On a brief visit to Jerusalem I walked the streets of Mea Shearim, one of the city’s more colorful neighborhoods, and home to Haredi Jews. The ingenuous tourist could be forgiven for thinking that he or she has strayed onto a film set depicting the life of a nineteenth-century Jewish shtetl. But life in Mea Shearim is for real, preserved the way it was a hundred years ago. My eye caught a trio of skinny, pallid-looking men in tall black hats and draped in black frock coats. They stood there in a circle as if mumbling the words of a prayer in unison. One cradled a weighty leather-bound tome. As he opened the bible (and I’m guessing there), I noticed that the book was actually a hollowed-out cavity, a box camouflaged inside a book. Inside the book wrist watches shimmered. This little detail cheered me no end, and for a moment I thought I had turned up in the Odessa of Babel’s stories.
In May 2011 the Argentine artist Marta Minujin exhibited her installation Torre de Babel de Libros on San Martin Square in Buenos Aires. Fashioned from books from all over the world, the tower was twenty-five meters high. Croatian newspapers proudly published a list of all the Croatian titles in the project, as if the whole thing was about the massive international success of Croatian literature. Yet the mytheme of the Tower of Babel points to the opposite: failure. Nimrod, a descendant of Noah, initiated the building of the tower out of a desire to create “a city and a tower, whose top may reach unto heaven.” Enraged by the hubris and unbridled ambition of it all, Yahweh destroyed the tower and punished its builders by giving them different languages, short-circuiting access to Google Translate along the way. The story goes something like that, perhaps a little different.
One way or another, books have always been multifunctional: depending on the user they have been good for kindling, bonfire fuel, brownbagging, bookshelf supports, wine coasters, secret piggy banks, status symbols, and/or window cleaning paper. Marta Minujin is far from alone, many contemporary visual artists have used, abused, and defamiliarized books in different ways. In one of Richard Wentworth’s cerebral installations, books hang by string from the ceiling, in others, broken plates, hand watches, and candy wrappings jut out like strange bookmarks. Jonathan Safran Foer’s latest book, Tree of Codes, is an artistic installation affordable to all. Foer has disemboweled every page of his favorite bedside reading—Schulz’s The Street of Crocodiles—creating a “window” on each page that alters the meaning of the original text. Having suffered this “vandalistic” artistic treatment, Schulz’s book has ended up a new original work, one authored by a “vandal,” just like Duchamp and his famous Mona Lisa with moustache.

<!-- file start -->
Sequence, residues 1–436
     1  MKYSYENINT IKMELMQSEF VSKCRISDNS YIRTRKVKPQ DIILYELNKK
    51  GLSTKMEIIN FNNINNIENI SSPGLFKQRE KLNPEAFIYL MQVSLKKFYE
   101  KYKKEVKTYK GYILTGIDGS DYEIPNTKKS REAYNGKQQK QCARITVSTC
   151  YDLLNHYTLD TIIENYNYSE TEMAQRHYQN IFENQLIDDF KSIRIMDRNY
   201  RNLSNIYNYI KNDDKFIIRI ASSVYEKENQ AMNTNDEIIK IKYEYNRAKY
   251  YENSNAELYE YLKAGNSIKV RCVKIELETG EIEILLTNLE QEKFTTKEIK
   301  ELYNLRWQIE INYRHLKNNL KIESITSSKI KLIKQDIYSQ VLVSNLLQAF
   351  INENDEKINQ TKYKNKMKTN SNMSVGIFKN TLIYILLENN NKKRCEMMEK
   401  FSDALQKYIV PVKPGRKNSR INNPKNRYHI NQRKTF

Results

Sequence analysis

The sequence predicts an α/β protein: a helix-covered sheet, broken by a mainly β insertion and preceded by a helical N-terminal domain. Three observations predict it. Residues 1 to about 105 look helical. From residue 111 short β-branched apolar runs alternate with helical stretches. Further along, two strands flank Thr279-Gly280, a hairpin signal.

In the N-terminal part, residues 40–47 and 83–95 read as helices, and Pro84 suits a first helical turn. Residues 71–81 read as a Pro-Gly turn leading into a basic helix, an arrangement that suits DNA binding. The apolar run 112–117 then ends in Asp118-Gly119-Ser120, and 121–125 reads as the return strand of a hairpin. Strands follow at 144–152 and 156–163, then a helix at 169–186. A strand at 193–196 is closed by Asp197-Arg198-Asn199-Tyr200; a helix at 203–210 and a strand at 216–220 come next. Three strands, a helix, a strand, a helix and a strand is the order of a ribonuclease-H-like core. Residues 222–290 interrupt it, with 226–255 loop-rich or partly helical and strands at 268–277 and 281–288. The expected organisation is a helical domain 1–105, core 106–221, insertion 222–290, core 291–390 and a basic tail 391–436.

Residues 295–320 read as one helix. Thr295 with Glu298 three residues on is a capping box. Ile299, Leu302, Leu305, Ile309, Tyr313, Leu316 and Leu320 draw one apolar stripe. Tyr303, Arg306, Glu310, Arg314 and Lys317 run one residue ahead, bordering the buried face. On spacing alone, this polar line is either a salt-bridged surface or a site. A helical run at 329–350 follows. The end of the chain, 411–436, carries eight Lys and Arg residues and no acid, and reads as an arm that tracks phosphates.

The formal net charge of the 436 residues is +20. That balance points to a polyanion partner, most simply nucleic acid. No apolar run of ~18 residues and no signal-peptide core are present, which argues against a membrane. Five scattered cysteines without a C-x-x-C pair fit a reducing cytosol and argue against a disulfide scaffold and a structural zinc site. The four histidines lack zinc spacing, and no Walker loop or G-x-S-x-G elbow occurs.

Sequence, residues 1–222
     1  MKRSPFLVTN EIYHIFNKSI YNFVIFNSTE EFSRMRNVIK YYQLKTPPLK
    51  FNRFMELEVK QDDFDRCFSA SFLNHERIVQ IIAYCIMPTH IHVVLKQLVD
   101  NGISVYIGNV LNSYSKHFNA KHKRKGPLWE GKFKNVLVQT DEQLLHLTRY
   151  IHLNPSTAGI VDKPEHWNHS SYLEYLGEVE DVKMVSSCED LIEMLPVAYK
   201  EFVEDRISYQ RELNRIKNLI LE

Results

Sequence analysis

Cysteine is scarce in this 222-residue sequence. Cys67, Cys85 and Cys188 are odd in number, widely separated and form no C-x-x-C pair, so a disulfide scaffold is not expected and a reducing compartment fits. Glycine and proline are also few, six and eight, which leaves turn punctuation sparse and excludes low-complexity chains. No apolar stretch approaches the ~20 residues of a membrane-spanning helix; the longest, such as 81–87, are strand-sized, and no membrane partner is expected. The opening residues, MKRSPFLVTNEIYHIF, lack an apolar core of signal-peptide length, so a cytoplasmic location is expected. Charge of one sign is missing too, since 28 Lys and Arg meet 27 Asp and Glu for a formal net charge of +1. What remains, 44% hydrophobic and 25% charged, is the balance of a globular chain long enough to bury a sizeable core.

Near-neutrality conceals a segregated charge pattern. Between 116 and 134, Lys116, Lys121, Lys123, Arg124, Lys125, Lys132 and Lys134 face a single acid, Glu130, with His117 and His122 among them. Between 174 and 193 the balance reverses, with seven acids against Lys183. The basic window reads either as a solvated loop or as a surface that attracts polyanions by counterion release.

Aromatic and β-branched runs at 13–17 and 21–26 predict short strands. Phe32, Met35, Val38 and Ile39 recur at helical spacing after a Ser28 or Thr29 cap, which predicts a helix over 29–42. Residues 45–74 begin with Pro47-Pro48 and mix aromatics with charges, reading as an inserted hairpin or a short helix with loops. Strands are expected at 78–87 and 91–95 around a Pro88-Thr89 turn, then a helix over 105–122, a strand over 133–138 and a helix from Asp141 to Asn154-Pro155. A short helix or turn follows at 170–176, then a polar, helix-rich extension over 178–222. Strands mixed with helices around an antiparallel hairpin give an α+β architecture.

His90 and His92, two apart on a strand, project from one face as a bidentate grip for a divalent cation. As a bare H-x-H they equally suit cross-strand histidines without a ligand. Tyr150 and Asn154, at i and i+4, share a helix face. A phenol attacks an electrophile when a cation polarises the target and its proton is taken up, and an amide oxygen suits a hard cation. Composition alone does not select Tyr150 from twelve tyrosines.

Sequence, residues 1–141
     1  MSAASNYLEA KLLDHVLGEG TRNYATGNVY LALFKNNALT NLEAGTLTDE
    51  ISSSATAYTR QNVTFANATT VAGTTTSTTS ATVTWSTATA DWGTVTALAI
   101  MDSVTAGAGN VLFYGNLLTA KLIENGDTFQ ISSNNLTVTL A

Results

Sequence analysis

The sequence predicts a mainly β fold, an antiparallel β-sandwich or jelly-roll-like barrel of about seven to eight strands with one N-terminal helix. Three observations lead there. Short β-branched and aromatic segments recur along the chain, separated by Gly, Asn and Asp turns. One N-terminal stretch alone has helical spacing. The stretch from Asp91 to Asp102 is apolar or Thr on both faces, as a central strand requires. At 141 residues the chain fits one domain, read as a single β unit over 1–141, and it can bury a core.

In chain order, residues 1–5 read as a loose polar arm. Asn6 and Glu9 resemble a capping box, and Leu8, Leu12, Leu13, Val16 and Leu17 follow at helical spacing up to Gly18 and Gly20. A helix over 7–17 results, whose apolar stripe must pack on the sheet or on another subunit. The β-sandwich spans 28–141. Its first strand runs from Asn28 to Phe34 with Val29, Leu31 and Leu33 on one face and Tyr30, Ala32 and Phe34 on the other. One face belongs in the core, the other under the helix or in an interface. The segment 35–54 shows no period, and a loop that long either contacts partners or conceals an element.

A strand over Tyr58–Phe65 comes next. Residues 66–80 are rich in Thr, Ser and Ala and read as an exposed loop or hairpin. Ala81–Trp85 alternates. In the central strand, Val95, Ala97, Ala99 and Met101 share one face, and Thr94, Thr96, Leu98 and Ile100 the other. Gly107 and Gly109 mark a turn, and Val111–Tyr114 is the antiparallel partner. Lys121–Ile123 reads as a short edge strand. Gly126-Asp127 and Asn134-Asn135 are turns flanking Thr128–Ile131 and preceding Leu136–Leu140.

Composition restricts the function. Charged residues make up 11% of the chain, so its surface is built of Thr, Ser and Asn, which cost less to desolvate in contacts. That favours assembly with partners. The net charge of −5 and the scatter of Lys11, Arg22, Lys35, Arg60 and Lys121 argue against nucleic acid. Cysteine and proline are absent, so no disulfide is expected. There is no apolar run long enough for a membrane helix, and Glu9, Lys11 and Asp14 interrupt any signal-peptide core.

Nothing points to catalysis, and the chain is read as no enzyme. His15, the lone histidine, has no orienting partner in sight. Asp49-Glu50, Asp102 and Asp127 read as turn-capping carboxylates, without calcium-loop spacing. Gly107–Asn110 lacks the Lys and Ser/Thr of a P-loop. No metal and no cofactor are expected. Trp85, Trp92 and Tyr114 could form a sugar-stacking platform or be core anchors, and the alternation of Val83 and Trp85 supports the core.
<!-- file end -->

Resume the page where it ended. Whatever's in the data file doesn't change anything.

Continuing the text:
Video clips currently doing the Internet rounds also make keen use of “vandalistic” narration. In Can a Book Save Your Life a professional shooter fires a gun into a handful of recent books, testing how bulletproof they are. Another, Bill Simmons’ Book Can Save Your Life, proves that shot with a 9mm gun, Bill Simmons’ book indeed can. The Spanish clip Did You Know the Book? takes up the apparent end of the Gutenberg era, a likeable young sales rep presenting the book as a completely new product and explaining its advantages—no wires, no batteries, no viruses, easy to read, easy to handle. There is a Norwegian clip with a similar message. In a monastery library somewhere an older monk is having trouble getting to grips with a book, bringing to mind the struggle early adopters endured with the computer. A younger monk patiently explains to the elder how one uses it, but then loses his cool and leaves him an instruction manual. These examples—some of which have been randomly selected from the cultural mainstream, and others equally randomly from its fringes—clearly point to both the death of the book and the death of literature itself (the latter having died the moment it turned into—“books,” i.e. merchandise). Yet authors (better known in the publishing world as content providers), book industry employees (who used to be called publishers) and consumers (until recently referred to as readers) aren’t exactly going quietly into the night—a desperate resuscitation of the corpse is underway, a final shakedown for the last penny.